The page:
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How to say "experiment" in Hebrew

You may know the Hebrew word (an active-intensive
verb) for to try - (leh-nah-
SOHT). This is to try both in the sense of to attempt and in the sense of to test and see whether
something will work. The Torah portion to be read this Shabbat by Jews around the world
mentions several instances in which the People of Israel in their desert journey try G-d, so to
speak, testing his patience.

Now, scientific testing is a relatively new activity and concept, one that doesn't have a
corresponding word appearing in the Bible. So those who breathe life into the Hebrew language,
giving it relevance and usefulness today, created a term forexperiment by taking the authentic
Biblical Hebrew verb, , and using its abstract noun form,
, to
meanexperiment or trial. After all, an experiment in its purest form is just a trial - the abstract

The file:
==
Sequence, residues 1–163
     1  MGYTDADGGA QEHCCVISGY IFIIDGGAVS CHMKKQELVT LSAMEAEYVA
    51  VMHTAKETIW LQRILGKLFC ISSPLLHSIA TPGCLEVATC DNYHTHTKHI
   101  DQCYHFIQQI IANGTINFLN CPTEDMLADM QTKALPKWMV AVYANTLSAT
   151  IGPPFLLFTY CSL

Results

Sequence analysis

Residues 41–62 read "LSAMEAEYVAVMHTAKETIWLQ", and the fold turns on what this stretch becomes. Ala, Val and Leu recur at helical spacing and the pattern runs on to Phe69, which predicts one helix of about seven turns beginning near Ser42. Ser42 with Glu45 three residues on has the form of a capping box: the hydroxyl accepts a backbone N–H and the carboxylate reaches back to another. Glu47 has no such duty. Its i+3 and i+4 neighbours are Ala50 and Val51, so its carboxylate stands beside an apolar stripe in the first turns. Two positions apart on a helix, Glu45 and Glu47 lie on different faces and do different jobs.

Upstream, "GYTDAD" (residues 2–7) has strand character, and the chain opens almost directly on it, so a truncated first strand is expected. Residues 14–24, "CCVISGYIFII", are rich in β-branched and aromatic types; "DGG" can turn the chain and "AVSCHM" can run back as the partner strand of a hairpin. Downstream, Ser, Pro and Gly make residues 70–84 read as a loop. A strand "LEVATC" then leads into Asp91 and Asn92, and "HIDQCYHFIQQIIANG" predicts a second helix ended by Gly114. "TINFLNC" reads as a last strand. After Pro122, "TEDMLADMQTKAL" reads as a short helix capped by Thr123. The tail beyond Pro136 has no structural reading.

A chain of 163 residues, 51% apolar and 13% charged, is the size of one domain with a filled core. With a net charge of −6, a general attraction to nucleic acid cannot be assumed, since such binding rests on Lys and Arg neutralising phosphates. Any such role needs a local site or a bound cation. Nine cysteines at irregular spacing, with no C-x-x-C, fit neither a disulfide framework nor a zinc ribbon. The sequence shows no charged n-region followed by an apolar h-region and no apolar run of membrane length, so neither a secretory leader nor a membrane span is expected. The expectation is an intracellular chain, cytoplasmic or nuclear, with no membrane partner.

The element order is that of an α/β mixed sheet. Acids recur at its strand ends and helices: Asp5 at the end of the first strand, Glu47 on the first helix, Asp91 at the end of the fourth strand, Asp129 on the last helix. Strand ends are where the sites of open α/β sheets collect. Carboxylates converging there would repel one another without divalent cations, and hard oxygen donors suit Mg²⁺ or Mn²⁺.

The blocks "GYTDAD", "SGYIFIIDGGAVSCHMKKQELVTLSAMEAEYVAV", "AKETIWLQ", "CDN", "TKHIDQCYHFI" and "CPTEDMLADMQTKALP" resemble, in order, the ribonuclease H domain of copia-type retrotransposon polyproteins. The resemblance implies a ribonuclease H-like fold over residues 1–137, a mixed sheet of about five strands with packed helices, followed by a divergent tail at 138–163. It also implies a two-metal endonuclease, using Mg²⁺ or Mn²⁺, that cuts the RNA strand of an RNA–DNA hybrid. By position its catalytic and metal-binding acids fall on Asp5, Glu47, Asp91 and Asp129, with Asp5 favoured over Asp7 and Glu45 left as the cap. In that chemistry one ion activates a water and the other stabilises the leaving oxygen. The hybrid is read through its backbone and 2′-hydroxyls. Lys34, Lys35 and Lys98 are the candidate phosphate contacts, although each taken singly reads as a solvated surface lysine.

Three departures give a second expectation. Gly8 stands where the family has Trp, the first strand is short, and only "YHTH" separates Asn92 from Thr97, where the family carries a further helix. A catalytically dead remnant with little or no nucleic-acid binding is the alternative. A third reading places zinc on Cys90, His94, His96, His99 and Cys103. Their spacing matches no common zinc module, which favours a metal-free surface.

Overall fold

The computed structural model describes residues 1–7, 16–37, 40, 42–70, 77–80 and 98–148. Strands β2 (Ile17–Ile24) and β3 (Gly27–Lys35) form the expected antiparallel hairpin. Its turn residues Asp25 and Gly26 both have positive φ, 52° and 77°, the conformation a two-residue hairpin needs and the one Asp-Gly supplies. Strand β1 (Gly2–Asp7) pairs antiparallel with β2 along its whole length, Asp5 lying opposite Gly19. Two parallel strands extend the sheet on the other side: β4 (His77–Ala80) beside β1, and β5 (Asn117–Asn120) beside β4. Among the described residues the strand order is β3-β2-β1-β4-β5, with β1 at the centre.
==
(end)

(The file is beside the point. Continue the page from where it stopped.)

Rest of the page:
noun in English of the verb to try.
For example:

There are lots of experiments that can be done even without a lab.
(yesh hahr-BEH mah-ah-bah-DOHT sheh-ef-SHAHR lah-ah-SOHT gahm beh-LEE mah-ah-bah-DAH)

Shabbat Shalom, and a pleasant weekend to all!
(shah-BAHT shah-LOHM, veh-SOHF shah-VOO-ah nah-EEM leh-khoo-LAHM)

2. How to say "to get hurt" in Hebrew

The Hebrew word (leh-hee-pah-TSAH) means to get hurt in the

physical sense. Likewise, a (peh-tsee-AH) or a (PEH-tsah) is a

physical wound.

For example, you might hear a girl on a playground say:

I got a booboo (an injury)!
(kee-BAHL-tee PEH-tsah)

To which an adult might raise the level of speech, asking the girl:

Did you get hurt?

The root of these words is ..( p.ts.a). Its verb form is .

Another word meaning to get hurt is (leh-hee-pah-GAH).

Unlike , this word means to get hurt in both the physical and
emotional senses. And while refers to a specific person receiving

an injury, is used more generally, or about a larger group of